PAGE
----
Volunteer Training Programs for Filipino Nurses: Are they worth it?

If you are a student taking up nursing in the Philippines or a recent nursing graduate or a fresh passer of the Philippine Nursing Licensure Examination, you might be frustrated or, for some, quite indifferent about the way nurses are taken on by some employers, either public institutions or private ones, without having to pay them. How do you really feel about unpaid nursing experience? Are they worth it?

As if the problem isn’t bad enough in certain countries, having to work without getting any pay is just absolutely the nightmare for most parents who have sent their children in not so cost-friendly nursing schools for four long years, get them ready for the nursing board exam and pay lots for the review center, and have them take the exam for a lump sum of amount as well only to be met by unpaid hard work their children have to endure for quite some time.

So the question is, are they worth it? If you take your calculator and a pen and paper, try to do the math and see whether or not it is. If you start with the tuition that had to be paid to get through to the four years of training, you’ll probably be stressed already. And that’s not even including the projects and other things that the nursing student is required to hand in.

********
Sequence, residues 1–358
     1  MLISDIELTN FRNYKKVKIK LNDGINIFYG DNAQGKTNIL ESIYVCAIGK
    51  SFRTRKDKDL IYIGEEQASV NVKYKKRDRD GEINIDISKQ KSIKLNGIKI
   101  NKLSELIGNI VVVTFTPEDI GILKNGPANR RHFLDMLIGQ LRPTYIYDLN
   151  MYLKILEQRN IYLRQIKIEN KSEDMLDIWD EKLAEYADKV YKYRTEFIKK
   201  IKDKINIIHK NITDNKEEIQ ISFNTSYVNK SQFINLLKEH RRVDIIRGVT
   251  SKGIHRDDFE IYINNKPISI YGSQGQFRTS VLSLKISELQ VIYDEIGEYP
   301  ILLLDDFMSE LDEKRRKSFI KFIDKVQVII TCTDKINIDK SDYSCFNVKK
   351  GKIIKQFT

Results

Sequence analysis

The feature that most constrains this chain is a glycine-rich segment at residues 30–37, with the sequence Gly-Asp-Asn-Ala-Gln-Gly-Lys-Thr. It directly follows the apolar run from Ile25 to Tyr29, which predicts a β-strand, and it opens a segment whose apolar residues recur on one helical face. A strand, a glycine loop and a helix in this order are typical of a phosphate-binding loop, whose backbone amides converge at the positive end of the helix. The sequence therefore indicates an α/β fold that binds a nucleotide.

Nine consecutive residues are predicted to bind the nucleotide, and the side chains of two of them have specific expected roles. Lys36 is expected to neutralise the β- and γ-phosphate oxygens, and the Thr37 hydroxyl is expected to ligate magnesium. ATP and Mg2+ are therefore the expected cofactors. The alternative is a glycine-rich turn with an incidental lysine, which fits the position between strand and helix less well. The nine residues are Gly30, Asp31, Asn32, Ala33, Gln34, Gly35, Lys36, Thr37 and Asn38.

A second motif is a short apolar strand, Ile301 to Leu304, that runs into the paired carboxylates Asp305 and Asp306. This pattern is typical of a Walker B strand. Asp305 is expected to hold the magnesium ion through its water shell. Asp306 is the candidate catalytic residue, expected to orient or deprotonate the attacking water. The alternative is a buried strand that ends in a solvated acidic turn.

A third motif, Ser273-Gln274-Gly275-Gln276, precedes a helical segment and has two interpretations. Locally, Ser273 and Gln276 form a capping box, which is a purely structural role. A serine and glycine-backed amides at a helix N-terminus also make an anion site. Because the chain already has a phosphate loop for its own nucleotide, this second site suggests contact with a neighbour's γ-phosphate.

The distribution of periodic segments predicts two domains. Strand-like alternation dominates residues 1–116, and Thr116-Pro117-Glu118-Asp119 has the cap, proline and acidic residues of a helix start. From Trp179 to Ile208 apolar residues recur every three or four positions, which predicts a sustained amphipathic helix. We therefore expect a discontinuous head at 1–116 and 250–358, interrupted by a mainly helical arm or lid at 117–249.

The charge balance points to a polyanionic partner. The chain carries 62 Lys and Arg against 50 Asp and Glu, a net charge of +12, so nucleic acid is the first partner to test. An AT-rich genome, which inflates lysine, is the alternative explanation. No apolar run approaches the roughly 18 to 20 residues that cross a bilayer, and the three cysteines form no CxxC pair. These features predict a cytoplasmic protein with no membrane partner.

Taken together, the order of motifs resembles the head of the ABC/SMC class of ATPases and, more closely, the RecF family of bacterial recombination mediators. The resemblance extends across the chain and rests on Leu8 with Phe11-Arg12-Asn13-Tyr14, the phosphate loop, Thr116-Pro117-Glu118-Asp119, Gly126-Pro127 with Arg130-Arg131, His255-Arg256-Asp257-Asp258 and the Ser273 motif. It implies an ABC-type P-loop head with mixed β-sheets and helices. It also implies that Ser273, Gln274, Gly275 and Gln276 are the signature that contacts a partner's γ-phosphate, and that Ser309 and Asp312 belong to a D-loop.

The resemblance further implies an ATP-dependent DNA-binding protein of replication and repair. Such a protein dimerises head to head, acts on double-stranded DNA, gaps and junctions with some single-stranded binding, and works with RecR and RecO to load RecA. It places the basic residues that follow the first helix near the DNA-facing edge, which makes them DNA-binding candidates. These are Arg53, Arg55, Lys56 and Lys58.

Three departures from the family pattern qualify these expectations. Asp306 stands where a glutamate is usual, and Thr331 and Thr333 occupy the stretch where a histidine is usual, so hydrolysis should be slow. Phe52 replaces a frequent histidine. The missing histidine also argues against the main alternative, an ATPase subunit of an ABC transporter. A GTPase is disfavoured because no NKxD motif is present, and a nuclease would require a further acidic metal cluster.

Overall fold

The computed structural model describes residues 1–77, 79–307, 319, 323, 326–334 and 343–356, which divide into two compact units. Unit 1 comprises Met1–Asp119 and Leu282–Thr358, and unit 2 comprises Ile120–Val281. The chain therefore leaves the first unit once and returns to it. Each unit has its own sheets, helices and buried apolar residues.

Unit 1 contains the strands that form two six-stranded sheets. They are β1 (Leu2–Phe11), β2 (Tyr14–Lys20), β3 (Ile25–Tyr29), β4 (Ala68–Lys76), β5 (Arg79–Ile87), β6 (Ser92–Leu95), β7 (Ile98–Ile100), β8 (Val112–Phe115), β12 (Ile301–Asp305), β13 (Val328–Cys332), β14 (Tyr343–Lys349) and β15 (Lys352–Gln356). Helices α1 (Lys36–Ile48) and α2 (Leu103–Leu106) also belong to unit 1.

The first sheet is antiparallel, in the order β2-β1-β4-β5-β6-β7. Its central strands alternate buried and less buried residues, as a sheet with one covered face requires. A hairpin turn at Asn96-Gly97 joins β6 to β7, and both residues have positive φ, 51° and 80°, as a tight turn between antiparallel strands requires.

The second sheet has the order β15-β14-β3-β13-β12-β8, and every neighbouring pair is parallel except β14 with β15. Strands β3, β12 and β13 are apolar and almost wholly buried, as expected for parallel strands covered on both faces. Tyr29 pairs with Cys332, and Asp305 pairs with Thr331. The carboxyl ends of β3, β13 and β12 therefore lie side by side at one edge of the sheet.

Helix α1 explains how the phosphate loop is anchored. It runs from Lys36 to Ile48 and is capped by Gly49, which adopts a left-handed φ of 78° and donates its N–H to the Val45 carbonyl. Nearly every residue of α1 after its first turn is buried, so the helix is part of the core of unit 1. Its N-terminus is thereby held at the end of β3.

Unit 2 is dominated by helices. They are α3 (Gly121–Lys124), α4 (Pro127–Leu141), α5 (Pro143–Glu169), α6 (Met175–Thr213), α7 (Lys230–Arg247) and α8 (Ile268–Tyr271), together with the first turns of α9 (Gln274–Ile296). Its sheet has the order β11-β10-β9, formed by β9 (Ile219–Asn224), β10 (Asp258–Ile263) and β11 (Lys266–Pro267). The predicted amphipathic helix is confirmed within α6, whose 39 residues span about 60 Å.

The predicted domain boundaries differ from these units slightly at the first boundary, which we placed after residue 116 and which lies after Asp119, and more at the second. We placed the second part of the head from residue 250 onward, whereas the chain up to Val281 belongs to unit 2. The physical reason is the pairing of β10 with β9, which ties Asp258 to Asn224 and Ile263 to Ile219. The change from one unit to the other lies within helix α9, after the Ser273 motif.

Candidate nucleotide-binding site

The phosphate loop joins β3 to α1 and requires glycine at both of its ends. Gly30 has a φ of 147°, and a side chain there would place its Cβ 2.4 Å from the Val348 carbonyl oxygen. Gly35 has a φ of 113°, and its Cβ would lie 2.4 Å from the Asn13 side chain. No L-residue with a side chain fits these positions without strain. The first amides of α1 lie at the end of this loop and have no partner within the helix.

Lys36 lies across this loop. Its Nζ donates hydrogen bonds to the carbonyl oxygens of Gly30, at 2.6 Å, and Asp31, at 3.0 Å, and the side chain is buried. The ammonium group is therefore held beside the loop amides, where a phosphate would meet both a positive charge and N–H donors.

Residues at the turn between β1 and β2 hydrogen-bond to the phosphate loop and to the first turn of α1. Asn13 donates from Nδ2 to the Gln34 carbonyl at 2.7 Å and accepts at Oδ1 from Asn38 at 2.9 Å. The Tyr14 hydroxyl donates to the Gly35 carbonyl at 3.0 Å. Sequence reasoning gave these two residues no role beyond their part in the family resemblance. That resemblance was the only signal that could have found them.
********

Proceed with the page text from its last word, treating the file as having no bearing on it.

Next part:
Now, if the school is out of town, you’ll have to include the board and lodging fee every month for the whole two semesters in one school year. Do you still think it is worth going for?

It just doesn’t cut it anymore for those fresh graduates who think about the hard work a nurse has to do every single work day. Being a nurse is a major physical toil. Not only do you have to be alert about the patients’ conditions to be a step ahead and prevent decline of health, you also have to be alert to doctors’ orders. And these people are not someone, though not all of them, that you take lightly. There are those that can really bark their heads off on you. Then, there’s the patient themselves that you have to deal with. Not all patients can be easy to handle. Add to that are their distressed relatives who can sometimes get your hands full as if you don’t have your other roles to fulfil for that day.

It’s a good thing though that nurses, and a lot of them are standing up for themselves and making themselves heard about this issue. Going through hard work without getting any pay is not worth it especially when you have a life to support. Despite needing years and years of experience to establish one’s nursing career, opting to go for other jobs that provide pay are now most freshly registered nurses ventures.

What’s your take on this?

Image courtesy of blog.timesunion.com

Daisy Jane Antipuesto RN MN

Currently a Nursing Local Board Examination Reviewer. Subjects handled are Pediatric, Obstetric and Psychiatric Nursing. Previous work experiences include: Clinical instructor/lecturer, clinical coordinator (Level II), caregiver instructor/lecturer, NC2 examination reviewer and staff/clinic nurse. Areas of specialization: Emergency room, Orthopedic Ward and Delivery Room. Also an IELTS passer.

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